Camp Randall Stadium inspired Joe Schobert before he ever played there. Or even saw a game there. He always wondered from afar — well, not that far, only 66 miles away in Waukesha — what it would be like. Call it a state of mind. He was a state kid who wanted to play for the state school.

And playing at the historic venue in Madison was one of the perks.

“It was inspiring for a young kid like me,” said Schobert, 17, then a junior at Waukesha West.

“We were getting ready to play Kenosha Bradford and Melvin Gordon,” he said of a semifinal matchup with the high-scoring Red Devils. “I was thinking if we beat them, we’d be able to play in that stadium the next week. That would be really cool. And it happened.”

Waukesha West punched its ticket to Madison and the state final by shutting down the Bradford offense in a 30-15 win. Gordon had a 25-yard touchdown run late in the first half. But it was Schobert who sealed the verdict with a 96-yard TD scamper in the fourth quarter.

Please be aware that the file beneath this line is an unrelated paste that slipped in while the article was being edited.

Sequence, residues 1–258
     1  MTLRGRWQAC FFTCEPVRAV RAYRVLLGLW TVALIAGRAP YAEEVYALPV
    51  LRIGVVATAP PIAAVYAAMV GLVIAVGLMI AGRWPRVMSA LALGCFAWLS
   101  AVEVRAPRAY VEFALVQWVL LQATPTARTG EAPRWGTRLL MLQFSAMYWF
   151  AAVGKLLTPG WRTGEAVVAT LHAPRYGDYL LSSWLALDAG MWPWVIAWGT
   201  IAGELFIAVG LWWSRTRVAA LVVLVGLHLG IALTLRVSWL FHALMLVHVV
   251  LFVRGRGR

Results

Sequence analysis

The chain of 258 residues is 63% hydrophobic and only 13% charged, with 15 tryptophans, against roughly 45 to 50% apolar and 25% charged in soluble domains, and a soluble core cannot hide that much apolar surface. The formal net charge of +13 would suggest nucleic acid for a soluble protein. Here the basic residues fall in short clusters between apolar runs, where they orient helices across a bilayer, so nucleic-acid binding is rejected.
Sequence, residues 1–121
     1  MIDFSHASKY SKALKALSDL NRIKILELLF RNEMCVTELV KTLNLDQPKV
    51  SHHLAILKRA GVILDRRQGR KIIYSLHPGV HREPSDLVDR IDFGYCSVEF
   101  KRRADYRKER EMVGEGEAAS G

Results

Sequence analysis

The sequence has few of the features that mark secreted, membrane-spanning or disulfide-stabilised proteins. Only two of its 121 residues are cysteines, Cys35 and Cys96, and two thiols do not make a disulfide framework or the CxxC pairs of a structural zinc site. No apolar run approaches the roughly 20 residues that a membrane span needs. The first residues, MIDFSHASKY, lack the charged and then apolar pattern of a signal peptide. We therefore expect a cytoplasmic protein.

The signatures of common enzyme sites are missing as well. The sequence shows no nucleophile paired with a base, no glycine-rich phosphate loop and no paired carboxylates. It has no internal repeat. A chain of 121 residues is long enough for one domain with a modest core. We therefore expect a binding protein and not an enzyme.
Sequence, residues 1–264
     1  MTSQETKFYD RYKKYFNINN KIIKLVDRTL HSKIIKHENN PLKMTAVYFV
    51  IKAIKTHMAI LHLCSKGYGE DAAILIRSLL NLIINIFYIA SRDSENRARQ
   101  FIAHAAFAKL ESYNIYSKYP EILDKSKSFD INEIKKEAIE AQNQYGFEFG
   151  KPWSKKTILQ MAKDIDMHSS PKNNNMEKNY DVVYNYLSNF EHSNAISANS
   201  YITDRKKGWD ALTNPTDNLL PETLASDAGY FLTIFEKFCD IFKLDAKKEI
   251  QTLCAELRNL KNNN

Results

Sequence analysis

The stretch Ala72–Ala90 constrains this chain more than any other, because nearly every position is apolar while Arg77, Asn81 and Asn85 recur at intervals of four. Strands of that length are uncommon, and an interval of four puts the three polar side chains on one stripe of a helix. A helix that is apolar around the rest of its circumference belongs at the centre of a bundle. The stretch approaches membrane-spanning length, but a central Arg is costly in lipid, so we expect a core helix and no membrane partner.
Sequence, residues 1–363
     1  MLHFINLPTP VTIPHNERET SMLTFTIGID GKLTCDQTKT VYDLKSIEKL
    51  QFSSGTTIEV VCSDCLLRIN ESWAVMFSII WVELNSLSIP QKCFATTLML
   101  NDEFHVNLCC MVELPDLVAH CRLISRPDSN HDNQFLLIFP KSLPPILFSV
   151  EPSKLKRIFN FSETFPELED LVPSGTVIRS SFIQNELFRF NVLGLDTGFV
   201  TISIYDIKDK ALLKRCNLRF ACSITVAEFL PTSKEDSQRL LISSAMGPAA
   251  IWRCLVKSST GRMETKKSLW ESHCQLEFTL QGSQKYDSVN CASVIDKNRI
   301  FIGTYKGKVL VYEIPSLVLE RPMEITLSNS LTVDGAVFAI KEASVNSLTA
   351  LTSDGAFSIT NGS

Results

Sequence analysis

He was just warming up, too. The best was yet to come.

Schobert accounted for 329 of Waukesha West’s 436 total yards in a 45-26 rout of Stevens Point in the 2010 state title game at Camp Randall. By rushing 38 times for 296 yards, he broke the WIAA Division 1 single-game mark held by Racine Park’s John Clay, who had 19 carries for 259 yards in 2005.

“My offensive line deserves a lot of credit blocking for my skinny butt running through the holes,” said Schobert. “We called the same play a bunch of times in a row — a 28 or 29 toss and counter off it — and we were able to gash them all day. The other team never adjusted to it.”

Unstoppable to unblockable? You could make that case on the Schobert timeline. Bridging five years and two of his most unforgettable Camp Randall experiences, he evolved from that “unstoppable” halfback against Stevens Point to that “unblockable” outside linebacker against Iowa.